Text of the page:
Mayura Wagyu's third annual high performance production sale reached some spectacular heights last Thursday near Millicent with 45 lots averaging an incredible $55,011 - believed to be a national all-breeds record.
The result affirmed it as one of the world's leading Wagyu seedstock suppliers with 120 online bidders and another 20 live on site.
Cattle and genetic packages sold across Australia and internationally with 22 females averaging $64,591; 13 bulls averaging $44,577 and nine semen lots (each comprising two straws) averaging $51,000 per package.
The sole embryo lot made $15,000.
A new Australian record of $122,500 was reached for a full blood Wagyu bull and the sale's $245,000 top price female was second only to the $280,000 paid for a Mayura heifer in 2019.
At the time that was the most expensive bovine female sold in Australia.
Two unjoined heifers were the star performers - the sale topper at lot 6, Mayura R1356, and lot 5, Mayura R0286, which made $220,000.
Both were high marbling daughters of the number one ranked carcase bull, Mayura Itoshigenami Junior, which has had an enormous influence on the breed.
Mayura R1356 impressed with its tremendous shape and capacity and also had the highest marble score estimated breeding values in the catalogue at 3.7- easily putting it in the top 1 per cent of the breed.
The late September 2020-drop also had Breedplan figures in the top 5pc for the self-replacing and FBTi and F1Ti indexes.
The previous lot, Mayura R0286, also had a high marble score at 3 and a phenomenal rib eye area of +9.7.
These two females sold to Yulong Investments, Mangalore, Vic, who also outlaid $160,000 for a half-sister in Mayura's 2021's sale.
Four other heifers in the offering were bought by international buyers from the United States, Canada and United Kingdom but will remain in Australia to be flushed to produce embryos for export.
Bull prices reached unchartered territory with lot 25, Mayura Renegade R0152, making $122,500.
Mayura breeder Scott de Bruin said there had been considerable interest in the AI-bred son of LMR Toshiro and bred from Mayura L0914.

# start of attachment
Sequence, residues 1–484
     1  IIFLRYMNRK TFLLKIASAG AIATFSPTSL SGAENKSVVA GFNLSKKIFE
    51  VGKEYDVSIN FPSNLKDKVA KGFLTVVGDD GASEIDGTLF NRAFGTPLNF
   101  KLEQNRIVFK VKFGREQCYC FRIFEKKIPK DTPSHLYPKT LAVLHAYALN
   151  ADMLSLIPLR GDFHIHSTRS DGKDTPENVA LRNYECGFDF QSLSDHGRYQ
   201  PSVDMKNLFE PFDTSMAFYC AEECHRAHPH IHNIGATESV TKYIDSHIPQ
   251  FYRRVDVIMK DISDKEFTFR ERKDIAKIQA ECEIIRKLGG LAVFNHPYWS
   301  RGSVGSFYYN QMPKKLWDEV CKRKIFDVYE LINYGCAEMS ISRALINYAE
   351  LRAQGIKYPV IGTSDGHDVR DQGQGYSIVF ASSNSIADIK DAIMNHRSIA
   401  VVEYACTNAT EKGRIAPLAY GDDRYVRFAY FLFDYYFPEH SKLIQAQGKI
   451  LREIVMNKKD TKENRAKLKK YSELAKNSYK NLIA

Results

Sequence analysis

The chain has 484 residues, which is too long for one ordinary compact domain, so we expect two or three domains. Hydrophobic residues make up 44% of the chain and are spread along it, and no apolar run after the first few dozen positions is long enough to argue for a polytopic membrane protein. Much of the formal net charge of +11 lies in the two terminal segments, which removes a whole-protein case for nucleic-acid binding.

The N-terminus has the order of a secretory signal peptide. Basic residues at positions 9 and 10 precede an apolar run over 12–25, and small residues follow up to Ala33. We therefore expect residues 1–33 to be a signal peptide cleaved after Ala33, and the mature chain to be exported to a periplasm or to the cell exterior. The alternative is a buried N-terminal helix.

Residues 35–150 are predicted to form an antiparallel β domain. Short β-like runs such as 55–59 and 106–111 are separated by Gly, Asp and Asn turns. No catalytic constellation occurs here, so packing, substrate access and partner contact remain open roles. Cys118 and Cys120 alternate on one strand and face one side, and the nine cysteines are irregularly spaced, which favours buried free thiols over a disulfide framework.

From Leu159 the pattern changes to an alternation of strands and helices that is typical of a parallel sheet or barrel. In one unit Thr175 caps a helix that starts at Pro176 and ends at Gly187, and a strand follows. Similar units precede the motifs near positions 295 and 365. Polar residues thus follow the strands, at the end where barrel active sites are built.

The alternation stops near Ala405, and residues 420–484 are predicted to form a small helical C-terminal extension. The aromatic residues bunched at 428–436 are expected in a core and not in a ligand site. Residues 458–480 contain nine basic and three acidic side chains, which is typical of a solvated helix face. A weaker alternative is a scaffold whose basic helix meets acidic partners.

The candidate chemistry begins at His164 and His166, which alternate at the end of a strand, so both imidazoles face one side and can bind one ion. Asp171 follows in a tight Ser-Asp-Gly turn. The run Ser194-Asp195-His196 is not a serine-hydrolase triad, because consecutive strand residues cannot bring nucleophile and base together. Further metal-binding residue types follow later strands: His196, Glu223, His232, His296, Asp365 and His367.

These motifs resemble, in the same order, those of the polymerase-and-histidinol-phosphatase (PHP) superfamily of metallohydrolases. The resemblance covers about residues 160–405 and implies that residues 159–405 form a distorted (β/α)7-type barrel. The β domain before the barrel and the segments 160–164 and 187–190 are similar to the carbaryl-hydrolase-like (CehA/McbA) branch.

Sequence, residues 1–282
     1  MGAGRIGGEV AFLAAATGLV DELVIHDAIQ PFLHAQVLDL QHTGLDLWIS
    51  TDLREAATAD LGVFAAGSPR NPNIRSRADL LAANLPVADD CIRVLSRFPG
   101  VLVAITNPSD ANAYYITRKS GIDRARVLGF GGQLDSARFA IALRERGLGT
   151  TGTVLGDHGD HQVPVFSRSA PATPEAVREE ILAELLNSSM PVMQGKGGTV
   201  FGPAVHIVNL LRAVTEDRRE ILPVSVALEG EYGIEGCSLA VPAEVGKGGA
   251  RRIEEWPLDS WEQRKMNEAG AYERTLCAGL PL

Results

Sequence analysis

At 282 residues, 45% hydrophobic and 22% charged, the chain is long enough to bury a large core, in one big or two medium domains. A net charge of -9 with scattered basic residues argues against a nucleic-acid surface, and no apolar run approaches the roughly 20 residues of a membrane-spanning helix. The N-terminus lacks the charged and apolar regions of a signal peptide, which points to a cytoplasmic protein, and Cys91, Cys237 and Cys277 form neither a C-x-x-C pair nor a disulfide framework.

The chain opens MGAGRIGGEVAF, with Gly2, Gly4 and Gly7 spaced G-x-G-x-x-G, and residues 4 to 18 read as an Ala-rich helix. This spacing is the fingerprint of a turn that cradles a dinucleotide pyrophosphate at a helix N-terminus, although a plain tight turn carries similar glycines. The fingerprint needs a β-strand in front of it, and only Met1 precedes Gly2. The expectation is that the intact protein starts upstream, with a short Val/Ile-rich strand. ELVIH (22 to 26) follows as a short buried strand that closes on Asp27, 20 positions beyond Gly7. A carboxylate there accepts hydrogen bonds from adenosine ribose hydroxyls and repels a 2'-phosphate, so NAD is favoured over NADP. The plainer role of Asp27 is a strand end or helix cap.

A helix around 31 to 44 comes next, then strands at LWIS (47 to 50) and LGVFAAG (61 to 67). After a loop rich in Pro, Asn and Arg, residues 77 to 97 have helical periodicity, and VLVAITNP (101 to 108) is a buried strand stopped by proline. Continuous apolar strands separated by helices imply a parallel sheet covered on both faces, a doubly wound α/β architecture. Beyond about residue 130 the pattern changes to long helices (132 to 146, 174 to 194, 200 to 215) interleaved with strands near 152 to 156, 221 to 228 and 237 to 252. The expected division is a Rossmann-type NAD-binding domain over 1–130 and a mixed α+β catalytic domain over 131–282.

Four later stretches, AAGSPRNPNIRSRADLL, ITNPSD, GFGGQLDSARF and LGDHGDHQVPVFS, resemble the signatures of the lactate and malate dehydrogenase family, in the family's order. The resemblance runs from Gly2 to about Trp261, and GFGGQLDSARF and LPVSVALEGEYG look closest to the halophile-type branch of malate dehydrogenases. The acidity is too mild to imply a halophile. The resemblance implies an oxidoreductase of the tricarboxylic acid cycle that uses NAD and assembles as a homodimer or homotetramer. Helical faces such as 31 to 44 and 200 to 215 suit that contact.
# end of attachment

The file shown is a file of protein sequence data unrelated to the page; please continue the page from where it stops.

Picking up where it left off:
"He was such a tank and he looks more like an Angus from the showring than a Wagyu bull," he said.
At 22 months of age, Renegade weighed 858kg - about 200kg heavier than any other bull in the same drop.
"Many of our clients have focused on carcase traits like marbling but they also need to have the ability to breed replacement females, he excels for these maternal traits too," he said.
Renegade's purchaser was Cameron Hewitt, Hewitt Pastoral Enterprises, Taroom, Qld, who breed bulls from an elite herd for their several large commercial herds in far north Qld.
"We have invested a lot in Mayura genetics, their lead bulls in the past have been sons of Itoshigenami Junior, which we have used a fair bit of so Renegade is a great outcross for us," he said.
"For a bull to be 800kg-plus at 22 months is good in any breed.
"With that early growth we will use him to put some punch back into our F2s, which can lose some growth and also over our high marbling cows ."
Mr Hewitt said they had also had strong enquiry for semen sales in their new sire.
Hewitt Pastoral - which began infusing Wagyu cattle into their herd in 2016 - also bought the previous national record breaker. In 2017 they secured Mayura L0010 for $105,000.
"Mayura has been breeding for generations with performance data and the data collected at the slaughterhouse feeds back to their breeding operation- this gives us peace of mind about buying their genetics," Mr Hewitt said.
Semen lots also sold well, just shy of last year's record $70,000 price, with two straws from emerging super sire Mayura Notorious making $62,500.
They are heading to the US after being bought by Heartland Hill Farms, Boston, Massachusetts.
Mr de Bruin was "ecstatic" to achieve their best sale average despite it being their largest offering.
"It is very humbling to have so much support from Australian breeders and the international Wagyu community," he said.
"We felt they were the best offering we had put together for their genetic potential but also phenotypically the structure and conformation of the cattle was also the best we have had."
He said it had been a "long road" since his late father Adrian imported the first full-blood Wagyu cattle into Australia in 1998.
They have worked very hard breeding cattle that perform with extensive performance recording from birth to the chiller, including more than 11,000 carcase records.
"We expect a lot of our cattle - our motto is excellence without compromise and we take this very seriously," he said.
Mr de Bruin said their vertically integrated business, including on-farm feedlot and branded beef, had been crucial to their success.
"Globally the Mayura brand is one of Australia's most luxury beef breeds, in Asia it is known as the Louis Vutton of beef," he said.
"People know they can come to us and know the cattle will perform for them."
Auctioneer Harvey Weyman-Jones, from Grant Daniel & Long, Dalby, had expected strong prices but said it was the first time in his career that he had got emotional reading out a sale average.
"We felt it was going to be the best sale out of the three (they have had) because the last two were affected by COVID and no one could inspect the cattle," he said.
"This was the first time we were able to be on-site to conduct the auction and having an audience always adds to the excitement and the overall result."
Mr Weyman-Jones said demand in the Wagyu breed had rebounded very strongly after a "drop off" in 2020 and 2021 when drought and high grain prices dampened interest.
"The commercial market has come back very strongly for Wagyu and Wagyu cross cattle," he said.
"Mayura is the best Wagyu stud in Australia and probably (the best) outside of Japan, if you are interested in breeding the best Wagyu you have to go to the best place to buy them."
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